By Gary Cox
When I was 16, with a part-time job in Woolco’s hardware department secured, my dad agreed to co-sign for my own credit card (the interest rate at the time was about 20 percent, if I recall correctly). My first purchase was a 1971 Honda CB175 with a gas tank finished in a beautiful solid blue. Naturally, I called her Blue.
The last year of high school meant finding a prom date. Her name was Heather, and though we didn’t go to the prom as a couple — or on my motorcycle — we attended prom together with a group of friends. She would eventually end up on the back of that CB175.
I don’t remember if Heather was the first girlfriend on the back of my bike, but I do remember with crystal clarity what her dad said the first time I arrived on it to pick her up. “Better hold on tight,” he told her. And she did. Often. That alone made the interest payments worth every penny.
Heather and her family moved to Halifax before she entered high school, but her family had a modest vacation home on the south shore of Nova Scotia in a tiny community called Broad Cove. Summers seemed long in those days. With working to make payments on my bike and Heather a two-hour drive away, it meant putting lots of mileage on the bike’s odometer if we were to spend any time together. Getting to Broad Cove was quite a task as Blue, at only 175 cc, didn’t handle highway speeds well — not, at least, for much more than 30-minute stretches. After that I’d have to stop to let her cool down to prevent the sparkplug from misfiring. But she always got me there. Getting home wasn’t always so easy.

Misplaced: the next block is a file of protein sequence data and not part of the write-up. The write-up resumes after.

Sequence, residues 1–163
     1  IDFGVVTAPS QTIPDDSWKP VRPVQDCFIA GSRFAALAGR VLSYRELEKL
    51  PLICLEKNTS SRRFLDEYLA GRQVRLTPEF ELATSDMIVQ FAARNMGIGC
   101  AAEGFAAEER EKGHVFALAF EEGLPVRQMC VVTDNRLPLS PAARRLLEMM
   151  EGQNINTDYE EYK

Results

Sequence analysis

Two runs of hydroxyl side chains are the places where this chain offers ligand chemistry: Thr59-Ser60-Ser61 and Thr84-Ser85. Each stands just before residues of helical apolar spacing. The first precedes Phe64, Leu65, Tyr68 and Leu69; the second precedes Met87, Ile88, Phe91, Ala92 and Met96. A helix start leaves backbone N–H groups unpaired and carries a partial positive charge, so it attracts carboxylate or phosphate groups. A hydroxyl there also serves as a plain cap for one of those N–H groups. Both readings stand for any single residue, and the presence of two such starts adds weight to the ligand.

I’d never spent much time riding in the rain, always opting for my mother’s bright orange Mini as a more prudent alternative. But when you’re 200 km from home, trading vehicles isn’t an option. When the rain started to fall heavily one Sunday I considered the journey home with dread. Heather was worried for my safety, and she and her family drove ahead of me so I had some lights to follow as the sky was so dark, and the rain falling so hard on my visor, that I could hardly see more than a few yards in front of me. I was soaked to the bone, miserable, cold, and couldn’t wait to take a hot shower when I got home. The only thing that kept me going was seeing Heather peering out the car’s back window and waving at me. (The rain keeping Blue cool enough that I didn’t need to stop to prevent overheating didn’t hurt either.)
Heather and I got married three years later. I sold the CB175 and purchased a 1975 Yamaha DT250 Enduro, which served me well commuting to work — until it was stolen. I was without theft insurance and my riding days came to a close. Heather and I began a family and settled into a happy routine. Fast forward 35 years and you’d find us sitting on the front deck drinking coffee while watching a blazing red sunset. The faint, familiar rumble of a motorcycle broke the evening stillness. “I wouldn’t mind riding again,” I remarked casually as the rider made his way past and up the street.
I was driving home from work a few weeks later when my phone rang. It was Heather. She doesn’t often call when I’m driving, so I assumed it was important. I answered through Bluetooth. “Hey sweetheart, what’s up?” “There’s a motorcycle shop having a clearance sale on last year’s models tomorrow. Want to go take a look?” I almost drove off the road! Was she serious, or was this some kind of joke? Happily, she was serious. We shopped around and settled on a Kawasaki Vulcan 500 to get us back in the saddle, but quickly outgrew it. We now ride a Vulcan 900 Classic LT — and she still holds on tight.